Thursday, June 12, 2014

Traveling the Svalbard archipelago by Skidoo

by SABA DOUGLAS – HAMILTON wildlife conservationist, executive summary by darmansjah

I was born in Kenya, so the polar regions have always had a special magic for me, being so completely different. I travelled to the Svalbard archipelago, midway between Norway and the North Pole, to film polar bears. We started at Longyearbyen, where we picked up skidoos to continue through the mountains to Liefde Fjord, where we would camp and film.

With 24-hour daylight we could travel through the night but had to be careful with weather. The further we went, the wilder the landscape became, with thick drifts of snow and frozen fjords. Then one night a blizzard hit us, so we whipped up tents, parked the skidoos tightly around us as protection from bears, and hunkered down for the next 36 hours.

In those kinds of conditions there’s nothing to do but get into sleeping bags and sit it out, piled together for warmth. As the only girl on the trip (ie, the only one who couldn’t pee into a bottle), after 12 hours I had no choice but to go outside. As a result I got covered in sleet, which melted into my sleeping bag. I caught a chill, which later turned into nasty bronchitis, and I had no choice but to go on. I learnt my lesson: do not go to the arctic without a SheeWee!.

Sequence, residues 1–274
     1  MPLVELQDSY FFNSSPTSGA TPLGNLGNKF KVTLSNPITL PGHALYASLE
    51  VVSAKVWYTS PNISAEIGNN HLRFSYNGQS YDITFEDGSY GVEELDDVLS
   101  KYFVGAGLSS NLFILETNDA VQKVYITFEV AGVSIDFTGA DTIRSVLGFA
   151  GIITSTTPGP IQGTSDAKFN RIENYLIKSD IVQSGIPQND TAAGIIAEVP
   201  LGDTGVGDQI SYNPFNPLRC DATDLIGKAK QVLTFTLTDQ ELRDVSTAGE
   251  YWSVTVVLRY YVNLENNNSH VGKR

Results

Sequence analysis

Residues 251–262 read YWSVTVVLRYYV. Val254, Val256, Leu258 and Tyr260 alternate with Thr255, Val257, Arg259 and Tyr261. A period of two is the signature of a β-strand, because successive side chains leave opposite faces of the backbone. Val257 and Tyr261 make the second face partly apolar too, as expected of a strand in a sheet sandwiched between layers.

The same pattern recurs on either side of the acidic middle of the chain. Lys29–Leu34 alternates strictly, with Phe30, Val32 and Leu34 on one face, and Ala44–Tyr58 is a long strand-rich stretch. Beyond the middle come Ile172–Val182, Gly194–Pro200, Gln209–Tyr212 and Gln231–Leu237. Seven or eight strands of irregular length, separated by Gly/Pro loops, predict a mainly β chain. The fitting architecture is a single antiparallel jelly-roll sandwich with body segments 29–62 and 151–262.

When we finaly emerged into clear skies, we rode for another day towards Leifde Fjord through the most dazzling empty landscape. The midnight sun was low in the sky when we spotted a b ear walking towards us on the sea ice. We parked behind a mound of ice and waited. Eventually he spotted s, rising up on his back legs to get a better look. Our safety briefing had said to stay close to the skidoos and start the engines if he came too close, as the noise should care him off. The bear was a young male and very curious. He came closer and closer. Then far too close. Almost 4m tall at full height, the bear was in spitting distance. Time stood still but we held our nerve. Then he caught a new scent and ambled off. Heart beating, I looked around at our wide-eyed crew. ‘That was close,’ said our guide. ‘But it’s rarely the bear you see that gets you.’ We tried to start our skidoos. Nothing. The long stop in severe cold had deadened the batteries! Thank God the bear wasn’t hungry….

It’s almost impossible to arrange independent trip around Svalbard so book an organized tour. Terra Polaris has a 10-day trip for US$1,221 ; the Svalbard tourist board can recommend further operators. Fly from Singapore to Oslo via Singapore Airlines, or fly Malaysian Airlines from Kuala Lumpur. From Oslo, connect to Svalbard vis Scandinavian Airlines..

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